Transparency and its discontents
Why PredictIt should prevail over the CFTC, but no-action letters should stay legal.
“Event contracts” are contracts that pay based on the outcomes of future events. For example, John and Jane could enter into a contract in which John agrees to pay Jane $1 if Donald Trump is the 2024 Republican nominee. “Prediction markets” are markets in which event contracts can be bought and sold.
In an efficient market, the cost of such a contract corresponds to the market’s view of the probability of the event occurring. For example, if it costs $0.40 to buy a contract that would return $1 if Donald Trump is the 2024 Republican nominee, that would imply that the market believes there is a 40% chance that Donald Trump will be the 2024 Republican nominee. If you are bullish about Donald Trump being the nominee, you can buy one or more of these contracts, and if your prediction is correct, you will make a profit. Of course, buying these contracts will cause the market price to increase.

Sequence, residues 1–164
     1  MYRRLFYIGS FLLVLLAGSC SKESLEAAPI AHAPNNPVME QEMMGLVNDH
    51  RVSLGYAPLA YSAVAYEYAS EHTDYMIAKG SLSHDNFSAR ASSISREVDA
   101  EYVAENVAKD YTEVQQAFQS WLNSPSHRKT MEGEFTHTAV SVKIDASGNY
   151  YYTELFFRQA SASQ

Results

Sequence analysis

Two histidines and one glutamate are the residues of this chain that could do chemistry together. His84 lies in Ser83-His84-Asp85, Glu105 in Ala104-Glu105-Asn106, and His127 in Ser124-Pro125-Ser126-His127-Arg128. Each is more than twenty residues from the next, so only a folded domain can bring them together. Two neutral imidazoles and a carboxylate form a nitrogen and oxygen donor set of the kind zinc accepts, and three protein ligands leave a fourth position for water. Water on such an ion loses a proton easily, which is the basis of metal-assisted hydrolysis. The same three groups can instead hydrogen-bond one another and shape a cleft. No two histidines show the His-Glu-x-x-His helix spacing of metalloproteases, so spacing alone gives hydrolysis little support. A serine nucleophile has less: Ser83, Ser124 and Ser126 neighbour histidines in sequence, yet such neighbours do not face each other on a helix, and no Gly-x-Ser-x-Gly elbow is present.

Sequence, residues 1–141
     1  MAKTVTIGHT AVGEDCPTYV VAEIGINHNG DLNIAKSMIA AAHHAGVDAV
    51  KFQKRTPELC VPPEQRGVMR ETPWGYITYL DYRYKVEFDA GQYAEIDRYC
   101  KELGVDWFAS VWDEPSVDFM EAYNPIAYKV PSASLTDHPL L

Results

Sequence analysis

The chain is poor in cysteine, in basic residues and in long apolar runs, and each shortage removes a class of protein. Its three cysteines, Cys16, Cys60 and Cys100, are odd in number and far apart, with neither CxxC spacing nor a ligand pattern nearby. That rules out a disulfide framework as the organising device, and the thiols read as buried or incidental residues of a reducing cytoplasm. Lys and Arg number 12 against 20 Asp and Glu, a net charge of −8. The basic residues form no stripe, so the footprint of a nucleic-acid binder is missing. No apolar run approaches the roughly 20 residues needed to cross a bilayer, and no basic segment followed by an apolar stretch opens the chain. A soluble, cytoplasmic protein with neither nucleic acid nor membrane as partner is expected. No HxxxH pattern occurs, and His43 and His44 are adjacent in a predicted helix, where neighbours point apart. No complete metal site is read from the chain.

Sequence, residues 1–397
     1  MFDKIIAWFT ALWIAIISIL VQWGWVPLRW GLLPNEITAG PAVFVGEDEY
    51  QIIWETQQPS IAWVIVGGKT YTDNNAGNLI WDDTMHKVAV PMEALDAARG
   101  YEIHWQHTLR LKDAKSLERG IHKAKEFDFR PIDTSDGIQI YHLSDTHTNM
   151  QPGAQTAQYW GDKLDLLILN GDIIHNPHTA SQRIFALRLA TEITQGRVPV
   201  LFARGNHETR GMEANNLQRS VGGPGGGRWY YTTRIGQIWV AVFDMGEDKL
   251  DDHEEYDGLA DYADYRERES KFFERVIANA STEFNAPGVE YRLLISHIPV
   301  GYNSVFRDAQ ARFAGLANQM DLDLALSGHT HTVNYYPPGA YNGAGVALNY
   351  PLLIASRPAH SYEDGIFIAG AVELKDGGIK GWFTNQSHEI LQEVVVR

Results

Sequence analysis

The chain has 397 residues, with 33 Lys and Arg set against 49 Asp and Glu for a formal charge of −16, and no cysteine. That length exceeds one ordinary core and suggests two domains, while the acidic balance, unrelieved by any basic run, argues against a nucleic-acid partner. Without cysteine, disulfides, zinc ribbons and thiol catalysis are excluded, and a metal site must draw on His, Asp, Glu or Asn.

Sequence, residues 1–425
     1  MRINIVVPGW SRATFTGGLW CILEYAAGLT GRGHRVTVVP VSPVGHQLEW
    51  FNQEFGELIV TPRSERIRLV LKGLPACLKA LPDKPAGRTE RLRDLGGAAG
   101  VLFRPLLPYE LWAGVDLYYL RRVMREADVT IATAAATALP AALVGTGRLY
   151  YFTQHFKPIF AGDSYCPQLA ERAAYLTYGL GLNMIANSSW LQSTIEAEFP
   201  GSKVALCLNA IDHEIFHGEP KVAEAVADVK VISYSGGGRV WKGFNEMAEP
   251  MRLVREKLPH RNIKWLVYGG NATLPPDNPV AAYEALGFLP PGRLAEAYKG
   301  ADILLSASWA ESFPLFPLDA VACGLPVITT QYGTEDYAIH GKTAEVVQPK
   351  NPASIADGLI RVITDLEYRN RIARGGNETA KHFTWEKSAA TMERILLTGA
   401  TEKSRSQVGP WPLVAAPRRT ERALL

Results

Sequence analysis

Thanks for reading Adam's Legal Newsletter! Subscribe for free to receive new posts and support my work.
In theory, prediction markets can aggregate the wisdom of crowds and yield predictions that are more accurate than the predictions of individual pundits. The world is better off if we can better predict the future. As such, many people (myself included) count themselves as supporters of prediction markets.
PredictIt is a popular market for political event contracts. On PredictIt right now, for instance, you can pay $0.38 for a contract that returns $1 if Donald Trump is the 2024 Republican nominee for President, $0.26 for a contract that returns $1 if Donald Trump wins the 2024 presidential election, and $0.27 for a contract that returns $1 if Kamala Harris is the 47th President of the United States.